Why Enterprises are Moving to Xamarin for Mobile App Development

Senior Application Development Manager, Mike Finley, spotlights why more and more enterprises are choosing Xamarin to answer the demands of mobile development.

With most mobile users on Android, Apple and Windows phones, companies are facing challenges of supporting their applications on multiple platforms. Microsoft acquired its longtime partner Xamarin in March 2016. This acquisition has significant implications for the mobile app development and management capabilities of the Microsoft software stack — implications that mobile app development and operations leaders must consider. The inclusion of Xamarin technology into Visual Studio at no extra charge and open-sourcing several of its core components should help to encourage the adoption of this as a viable option for cross-platform mobile application development.

Using Xamarin, development teams are better equipped to handle challenges that would lead to multiple code bases, slower, longer development and testing cycles and quality issues. Xamarin's code is compiled into native code for each platform using their tools rather than being interpreted – in simple terms it's substantially faster, matching or sometimes beating the usual languages. In fact, there is an excellent independent test performed by Harry Cheung (an ex-Googler) which places Xamarin above Objective-C on iOS for performance (but below Swift) and above Java on Android (See Ref below).

With Xamarin, Microsoft is providing a platform to target multiple mobile platforms with just one toolset. Microsoft has committed to open-source software, C#, .NET and Xamarin SDK as a long term strategic direction for mobile application development. This should help to ease technical managers and business leaders concerns about investing in these technologies.

Why Cross-Platform with Xamarin and .NET?


  • One programming language for any platform, on any device. This allows developers to focus on the programming language and the platform as much as possible. Microsoft wants to help developers target the device, and just focus on the technology.
  • C# is focusing on how to make programmers as productive as possible. C# is a strong language, and very mature. If developers work with Java, they can quickly get up to speed with C#.

Shared Code Base

  • It is now possible to work with one language for the three mobile platforms and, if there is a need for enhancements or a bug fix, the change can be made in one place. This makes it easier to build high quality apps.

Full Access to Mobile Platforms

  • Microsoft and Xamarin help developers to have control over the API for all platforms. They offer the Xamarin SDK, and for all the platform code source code, developers can use libraries imported from any platform as part of an application.

Lower Development Costs

  • Development costs are typically lower with Xamarin. If the development team writes code well in C#, understands .NET, and knows how mobile development works in Android, iOS or other devices, this tool can speed up development and lower overall development costs. There are some scenarios that include development of device-specific requirements which could add complexity, but probably more than 50% of applications do not have these challenges. Xamarin also tries to help abstract libraries and plugins to improve development for all platforms.


Need help getting your team up to speed with Xamarin?  Premier Support for Developers offers several 3-5 day workshops and advisory services:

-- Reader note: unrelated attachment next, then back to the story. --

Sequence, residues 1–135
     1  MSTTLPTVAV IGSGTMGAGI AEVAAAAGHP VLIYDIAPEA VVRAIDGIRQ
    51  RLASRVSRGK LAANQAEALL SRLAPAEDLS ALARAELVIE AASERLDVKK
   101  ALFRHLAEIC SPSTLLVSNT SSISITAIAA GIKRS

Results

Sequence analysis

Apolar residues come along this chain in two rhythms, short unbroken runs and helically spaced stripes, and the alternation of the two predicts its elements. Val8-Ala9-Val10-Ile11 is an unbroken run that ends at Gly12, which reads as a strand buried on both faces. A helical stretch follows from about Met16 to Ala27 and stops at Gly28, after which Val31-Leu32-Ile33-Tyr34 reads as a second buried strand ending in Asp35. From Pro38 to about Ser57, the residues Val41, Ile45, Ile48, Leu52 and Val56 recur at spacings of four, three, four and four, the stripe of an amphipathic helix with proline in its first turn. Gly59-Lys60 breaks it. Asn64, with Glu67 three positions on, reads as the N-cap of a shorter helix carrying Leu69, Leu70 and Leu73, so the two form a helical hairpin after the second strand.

• Xamarin Fast Start – Introduction to Cross-Platform Mobile Development
  • Xamarin DevOps Workshop – Continuous Integration and Delivery using Xamarin, VSTS and HockeyApp
  • Xamarin Forms Workshop – Cross-platform app development using Xamarin, XAML, and CSharp
  • General Development Advisory Assistance

Premier Support for Developers provides strategic technology guidance, critical support coverage, and a range of essential services to help teams optimize development lifecycles and improve software quality.  Contact your Application Development Manager (ADM) or email us to learn more about what we can do for you.


Additional Information

Comments (7)

  1. William Best says:

    Before Enterprises start moving to Xamarin it needs to be a mature product.

    1. What areas do you feel need more attention or improvement?

    2. What areas do you feel need improvement or more maturity?

    3. Roger Weiss says:

      Is 6 years not enought time for a product to mature? If you’re hinting that Enterprises need to wait 10 years before using a technology, Enterprises would completely miss the boat. By the same statement, Enterprises should not be using, Angular, Node, React, .NET Core Hadoop. Relatively new technologies (if not younger than Xamarin), but each of of them game changers. The need to stay relevant, otherwise go the way of BlackBerry, the “Enterprise” phone. But getting back to Xamarin, if Enterpises want to wait for a product to “mature” before consolidating their code by sharing large portions of a code base accross platforms (and we’re not just talking shared code between mobile platforms, it also means sharing code between mobile app and backend platforms), then I think Enterprises are going to lose out.

      1. Mark Sebesta says:

        I have to agree with Roger, Xamarin has been a great product for years and years. They’ve had day one support for new APIs for nearly every release of every single iOS/Android update. Now that it’s not only free but directly supported by one of the largest companies in the world it’s far beyond fully mature.

    4. leigh says:

      Yes, please do clue us who are making decisions at the exec level as to what is missing, so we can make the informed choice. Further, what cross platform tech do you suggest instead?

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